THE ART OF LUXURY: IWC

IWC’s social responsibility delves further into cultural heritage with film patronage.

 

Luxury Swiss watchmaker IWC Schaffhausen have launched a bursary to give Britain’s most exciting new filmmakers “the gift of time”. Long-time patrons of the Tribeca, Dubai, Beijing and Singapore International Film Festivals, the bursary coincides with the 60th anniversary of the BFI London Film Festival, running 5-16 October.

The bursary recognises outstanding British talent, giving a young writer or director the financial stability needed for their best work. This year’s finalists are Joseph A. Adesunloye, writer/director of White Colour Black, Hope Dickson Leach writer/director of The Levelling, Alice Lowe, writer/director of Prevenge and Paul Anton Smith, director of Have You Seen My Movie?

 

BFI 1

 

IWC has been awarded the Butterfly Mark, powered by Positive Luxury in recognition of its social good and environmental efforts. Part of a constellation of good works, IWC’s brand DNA includes the UN Global compact, Responsible Jewellery Council, as well as “sport that can change the world” trusts for youth – the Laureus Sport for Good Foundation, the Antoine de Saint Exupery Youth Foundation, The Darwin Foundation and now the British Film Institute.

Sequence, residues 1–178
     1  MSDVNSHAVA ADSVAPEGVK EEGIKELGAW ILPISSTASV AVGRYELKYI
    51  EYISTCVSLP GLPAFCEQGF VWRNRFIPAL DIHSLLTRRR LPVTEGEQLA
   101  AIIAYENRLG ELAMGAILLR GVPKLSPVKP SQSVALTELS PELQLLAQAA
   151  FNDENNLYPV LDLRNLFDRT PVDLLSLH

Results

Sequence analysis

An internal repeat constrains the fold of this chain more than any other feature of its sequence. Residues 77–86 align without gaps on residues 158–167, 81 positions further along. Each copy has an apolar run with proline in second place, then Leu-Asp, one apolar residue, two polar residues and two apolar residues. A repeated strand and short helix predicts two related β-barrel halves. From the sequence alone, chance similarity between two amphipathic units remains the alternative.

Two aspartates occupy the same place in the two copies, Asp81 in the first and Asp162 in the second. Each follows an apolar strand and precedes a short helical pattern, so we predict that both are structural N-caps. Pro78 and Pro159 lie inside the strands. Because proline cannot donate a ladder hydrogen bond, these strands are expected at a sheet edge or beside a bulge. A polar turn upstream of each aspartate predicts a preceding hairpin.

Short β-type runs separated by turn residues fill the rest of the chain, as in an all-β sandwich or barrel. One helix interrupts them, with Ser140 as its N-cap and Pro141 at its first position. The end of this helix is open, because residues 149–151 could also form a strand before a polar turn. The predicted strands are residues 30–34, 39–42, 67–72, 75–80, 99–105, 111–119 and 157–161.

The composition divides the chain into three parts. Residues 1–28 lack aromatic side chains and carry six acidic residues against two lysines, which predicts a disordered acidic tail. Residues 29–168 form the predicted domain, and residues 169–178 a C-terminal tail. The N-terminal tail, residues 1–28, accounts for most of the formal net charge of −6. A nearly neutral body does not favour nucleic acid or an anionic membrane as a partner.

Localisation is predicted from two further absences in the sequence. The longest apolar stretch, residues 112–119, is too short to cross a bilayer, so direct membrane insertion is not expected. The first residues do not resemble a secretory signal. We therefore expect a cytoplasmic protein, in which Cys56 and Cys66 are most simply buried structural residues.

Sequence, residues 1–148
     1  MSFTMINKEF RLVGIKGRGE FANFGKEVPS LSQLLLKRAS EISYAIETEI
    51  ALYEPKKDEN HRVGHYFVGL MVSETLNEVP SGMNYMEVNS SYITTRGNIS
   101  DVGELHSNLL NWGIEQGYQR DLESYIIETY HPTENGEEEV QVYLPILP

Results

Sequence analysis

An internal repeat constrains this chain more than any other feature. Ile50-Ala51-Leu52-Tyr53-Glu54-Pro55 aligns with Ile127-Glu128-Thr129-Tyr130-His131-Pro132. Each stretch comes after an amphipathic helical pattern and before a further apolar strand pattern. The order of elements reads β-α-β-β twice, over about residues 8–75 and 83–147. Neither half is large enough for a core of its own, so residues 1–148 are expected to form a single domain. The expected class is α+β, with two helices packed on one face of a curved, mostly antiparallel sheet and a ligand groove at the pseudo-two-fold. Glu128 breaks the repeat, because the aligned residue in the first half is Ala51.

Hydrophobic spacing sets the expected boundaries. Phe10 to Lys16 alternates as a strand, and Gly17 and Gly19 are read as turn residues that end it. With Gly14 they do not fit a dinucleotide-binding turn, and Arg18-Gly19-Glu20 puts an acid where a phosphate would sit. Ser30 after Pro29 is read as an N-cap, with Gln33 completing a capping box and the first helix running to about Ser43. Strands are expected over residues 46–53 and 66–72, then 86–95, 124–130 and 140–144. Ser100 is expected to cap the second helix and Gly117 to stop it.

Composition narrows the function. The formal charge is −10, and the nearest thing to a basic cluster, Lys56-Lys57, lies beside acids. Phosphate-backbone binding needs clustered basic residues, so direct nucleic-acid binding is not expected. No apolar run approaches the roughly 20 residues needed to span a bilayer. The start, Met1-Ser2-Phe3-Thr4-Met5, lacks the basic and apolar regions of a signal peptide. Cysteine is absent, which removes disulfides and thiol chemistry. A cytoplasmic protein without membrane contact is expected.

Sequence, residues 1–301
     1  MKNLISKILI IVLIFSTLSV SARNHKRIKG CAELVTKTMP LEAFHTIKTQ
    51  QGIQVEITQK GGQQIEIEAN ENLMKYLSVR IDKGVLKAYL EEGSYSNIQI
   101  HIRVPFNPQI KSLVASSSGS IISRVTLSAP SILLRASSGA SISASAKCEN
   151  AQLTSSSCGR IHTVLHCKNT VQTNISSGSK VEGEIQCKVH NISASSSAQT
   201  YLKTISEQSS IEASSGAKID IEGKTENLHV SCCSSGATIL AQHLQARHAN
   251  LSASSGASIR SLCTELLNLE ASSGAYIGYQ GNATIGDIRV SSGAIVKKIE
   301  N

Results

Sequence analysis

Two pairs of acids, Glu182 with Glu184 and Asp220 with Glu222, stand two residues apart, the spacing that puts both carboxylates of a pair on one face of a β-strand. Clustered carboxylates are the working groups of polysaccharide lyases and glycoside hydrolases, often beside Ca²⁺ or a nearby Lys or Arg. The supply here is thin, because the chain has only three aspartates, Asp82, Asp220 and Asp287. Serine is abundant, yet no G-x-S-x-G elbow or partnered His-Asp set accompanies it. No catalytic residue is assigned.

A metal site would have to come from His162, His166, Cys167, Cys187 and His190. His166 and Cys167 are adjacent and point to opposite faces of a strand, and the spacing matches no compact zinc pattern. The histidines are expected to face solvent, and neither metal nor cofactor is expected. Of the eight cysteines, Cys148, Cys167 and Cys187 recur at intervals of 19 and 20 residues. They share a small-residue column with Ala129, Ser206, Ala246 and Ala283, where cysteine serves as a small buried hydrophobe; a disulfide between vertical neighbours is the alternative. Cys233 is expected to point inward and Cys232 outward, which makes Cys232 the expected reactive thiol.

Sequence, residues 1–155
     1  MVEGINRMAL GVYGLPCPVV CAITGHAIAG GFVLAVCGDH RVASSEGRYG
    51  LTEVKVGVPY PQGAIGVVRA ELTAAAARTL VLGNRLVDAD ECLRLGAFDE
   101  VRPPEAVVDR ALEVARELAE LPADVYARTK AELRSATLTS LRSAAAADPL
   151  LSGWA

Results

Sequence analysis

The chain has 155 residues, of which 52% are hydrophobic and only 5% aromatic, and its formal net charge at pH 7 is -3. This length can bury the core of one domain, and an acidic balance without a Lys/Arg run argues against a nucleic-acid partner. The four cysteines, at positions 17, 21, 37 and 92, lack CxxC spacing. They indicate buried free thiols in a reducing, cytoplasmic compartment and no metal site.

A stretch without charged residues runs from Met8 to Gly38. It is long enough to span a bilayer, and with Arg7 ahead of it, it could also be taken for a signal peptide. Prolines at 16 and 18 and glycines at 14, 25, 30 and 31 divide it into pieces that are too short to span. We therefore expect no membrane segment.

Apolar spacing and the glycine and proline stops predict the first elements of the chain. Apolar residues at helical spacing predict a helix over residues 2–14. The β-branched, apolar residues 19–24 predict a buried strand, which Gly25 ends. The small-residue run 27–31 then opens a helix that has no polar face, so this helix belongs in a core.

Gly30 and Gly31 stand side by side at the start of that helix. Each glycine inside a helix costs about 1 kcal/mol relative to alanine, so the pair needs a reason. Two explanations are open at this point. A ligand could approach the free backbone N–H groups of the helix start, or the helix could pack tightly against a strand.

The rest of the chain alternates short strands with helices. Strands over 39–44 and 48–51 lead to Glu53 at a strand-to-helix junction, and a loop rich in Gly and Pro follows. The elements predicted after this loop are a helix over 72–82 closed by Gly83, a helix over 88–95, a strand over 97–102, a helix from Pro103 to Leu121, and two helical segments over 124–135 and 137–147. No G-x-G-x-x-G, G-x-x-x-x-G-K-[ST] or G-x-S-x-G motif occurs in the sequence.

IWC have launched an exclusive Pilot’s Watch Spitfire Chronograph Edition “BFI London Film Festival 2016”, a limited edition of just 60 timepieces in stainless steel on an elegant blue strap. Each model is numbered on the case back, alongside the inscription “BFI Film Forever”.

 

IWC Pilot

 

Carbon neutral since 2007, IWC systematically records and publishes their environmental “balance” alongside their financial report, including data on public transport usage and employee happiness index, such as childcare grants for new mothers. Heritage Swiss brand, IWC was founded in 1868 and is part of a watchmakers’ guild established in 1583.  Always timeless, it’s “Perpetual Calendar” timepieces are set to last until 2499, needing only one correction per coming century.

“If only our planet could evolve as predictably in the next 500 years,” said CEO, Georges Kern in the company’s 2015 CSR report.

 

 

 

 

Paul Comrie